Beneath the waves right off of LBI are thousands of shipwrecks dating from the 1800s through World War II. The state’s artificial reef program has created active habitats for a wide variety of sea creatures. LBI Scuba (342 W. 9th St., Ship Bottom; 609-494-5599, lbiscuba.com) takes certified divers 60-80 feet under the sea for guided explorations ($85/person).

If you thought the view from the Ferris wheel at Fantasy Island was good, you should see it from 300-500 feet up as you fly solo or in tandem with LBI Parasailing (6th Street and the bay at Lighthouse Marina, Barnegat Light, 609-361-6100; 83 Tebco Terrace, Holgate, just south of Beach Haven, 609-492-3366; lbiparasail.com). Cost is $60/person; catch the early bird special and save $5.

New this year: Cameras mounted atop the circa-1859 Barnegat Lighthouse, at the island’s northernmost extremity, capture a 170-feet-above-sea-level panoramic perspective and relay the images to the landmark’s recently renovated Interpretive Center. But if you can handle the climb up Old Barney’s 217 steps (and don’t mind paying $1 to do it), the live view is worth the effort.

Surrounding the structure itself is Barnegat Lighthouse State Park (609-494-2016), where free interpretive programs explore the environment, including the flora and fauna that inhabit one of the last remnants of maritime forest on the island. From the base of the lighthouse, a concrete walkway with handrails stretches a quarter mile out into the Atlantic so visitors can fish, watch the boats and maybe catch a glimpse of the playful harbor seals and harlequin ducks that hang out here.

While you’re in Barnegat Light, make sure you get a taste (both literally and figuratively) of the fishing life that has long been a staple of the island’s economy. Viking Village (19th Street and Bayview Avenue, vikingvillage.net) is home port for a commercial fishing fleet that includes scallopers, long liners (named for the “long line,” with multiple baited hooks for catching tuna and swordfish) and smaller inshore gillnetters that bring in blues, weakfish, monkfish, dogfish and shad. As a result, Viking Village is one of the largest suppliers of fish and seafood on the Eastern Seaboard. You can take a free, Friday morning “Behind the Scenes Dock Tour” (609-494-7211) and see the island’s resident movie star, the Lindsay L, a long-liner that had a featured role as the Hanna Bodin in the film The Perfect Storm.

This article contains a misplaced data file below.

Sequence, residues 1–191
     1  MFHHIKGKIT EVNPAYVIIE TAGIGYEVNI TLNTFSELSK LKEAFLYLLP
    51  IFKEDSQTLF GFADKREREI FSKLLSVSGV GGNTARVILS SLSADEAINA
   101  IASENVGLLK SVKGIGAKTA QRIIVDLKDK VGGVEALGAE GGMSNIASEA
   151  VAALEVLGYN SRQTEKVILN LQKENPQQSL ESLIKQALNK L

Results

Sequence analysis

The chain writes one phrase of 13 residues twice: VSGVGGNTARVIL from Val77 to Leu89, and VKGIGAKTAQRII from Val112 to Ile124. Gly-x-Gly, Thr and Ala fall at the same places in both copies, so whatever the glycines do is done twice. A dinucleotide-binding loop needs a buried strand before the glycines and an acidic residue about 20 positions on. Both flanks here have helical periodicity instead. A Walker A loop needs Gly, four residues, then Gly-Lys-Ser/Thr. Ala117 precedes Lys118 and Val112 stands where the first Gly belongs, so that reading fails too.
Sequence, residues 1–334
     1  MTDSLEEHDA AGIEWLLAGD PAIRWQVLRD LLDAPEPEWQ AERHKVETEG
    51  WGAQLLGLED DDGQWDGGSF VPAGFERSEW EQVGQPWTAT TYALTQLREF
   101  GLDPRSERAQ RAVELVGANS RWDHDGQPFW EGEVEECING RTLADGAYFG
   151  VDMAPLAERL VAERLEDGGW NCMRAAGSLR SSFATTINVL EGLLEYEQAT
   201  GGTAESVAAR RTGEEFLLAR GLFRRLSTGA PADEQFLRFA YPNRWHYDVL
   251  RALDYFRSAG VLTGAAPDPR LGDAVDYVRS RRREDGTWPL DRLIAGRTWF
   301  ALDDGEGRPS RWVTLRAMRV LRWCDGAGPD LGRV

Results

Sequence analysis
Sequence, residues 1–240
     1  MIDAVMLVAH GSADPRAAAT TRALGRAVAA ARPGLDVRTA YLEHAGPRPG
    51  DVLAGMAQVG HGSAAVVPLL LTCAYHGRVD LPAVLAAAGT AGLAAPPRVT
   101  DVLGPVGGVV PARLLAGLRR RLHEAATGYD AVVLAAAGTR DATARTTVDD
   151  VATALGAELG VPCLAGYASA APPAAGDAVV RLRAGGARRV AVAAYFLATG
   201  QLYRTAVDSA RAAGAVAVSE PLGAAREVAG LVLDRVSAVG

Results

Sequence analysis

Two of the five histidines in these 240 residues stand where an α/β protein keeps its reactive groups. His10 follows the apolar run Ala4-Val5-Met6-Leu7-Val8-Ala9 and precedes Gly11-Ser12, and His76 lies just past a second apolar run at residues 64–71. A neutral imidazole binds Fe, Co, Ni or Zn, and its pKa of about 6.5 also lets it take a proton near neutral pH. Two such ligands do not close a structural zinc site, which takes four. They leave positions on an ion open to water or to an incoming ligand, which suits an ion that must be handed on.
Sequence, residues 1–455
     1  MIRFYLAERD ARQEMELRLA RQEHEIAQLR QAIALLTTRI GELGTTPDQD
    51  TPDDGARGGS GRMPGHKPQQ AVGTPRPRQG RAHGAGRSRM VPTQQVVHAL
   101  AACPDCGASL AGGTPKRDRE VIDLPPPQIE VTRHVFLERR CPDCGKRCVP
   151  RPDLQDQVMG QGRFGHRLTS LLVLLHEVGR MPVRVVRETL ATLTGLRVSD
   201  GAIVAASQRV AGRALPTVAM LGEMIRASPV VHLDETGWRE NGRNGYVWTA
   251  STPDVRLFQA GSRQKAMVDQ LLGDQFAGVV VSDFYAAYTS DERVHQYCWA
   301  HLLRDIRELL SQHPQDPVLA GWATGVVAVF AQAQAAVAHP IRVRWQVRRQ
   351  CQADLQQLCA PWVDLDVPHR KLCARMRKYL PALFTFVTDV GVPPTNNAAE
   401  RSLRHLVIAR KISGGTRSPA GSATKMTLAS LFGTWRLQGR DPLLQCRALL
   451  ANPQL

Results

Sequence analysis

Be sure to sample fresh seafood at Viking Village Off the Hook (1905 Bayview Ave., 609-361-8900, vikingvillage.net) or grab an order of anything from a cup or quart of scallop bisque to a broiled, fried or teriyaki combo ($7.95-$26.95). Get it to-go or enjoy it on the outside patio. Afterwards, browse the adjacent clothing, décor and gift shops housed in tiny converted century-old portside fishing shacks.

If the urge to shop strikes while you’re on the other end of the island, Bay Village and Schooner’s Wharf (9th Street between Ocean and Bay avenues) in Beach Haven has 23 stores where you’ll find everything from leisure wear to lingerie to luggage. There’s also an assortment of enticing edibles, including freshly made fudge and local favorite New England and Manhattan chowders.

Accommodations on the island run the gamut from beach-block B&Bs to a retro-on-the-outside, contemporary-on-the-inside boutique hotel.


  
Its convenient location in Beach Haven’s historical district isn’t the most compelling reason for choosing Julia’s of Savannah (209 Centre St., Beach Haven; juliasoflbi.com, 609-492-5004; pictured above) as your home away from home. Owners Tom and Angela Williams’ hospitality is.

While all nine rooms in their restored Victorian B&B are cheerful and cozy, some have extra luxuries like private porches, whirlpool tubs, fireplaces and an old-fashioned claw foot soaking tub. Angela’s breakfasts are creative and plentiful, showcasing New Jersey fresh fruits. Afternoon tea, beach badges, chairs and bicycles are included ($240-$395).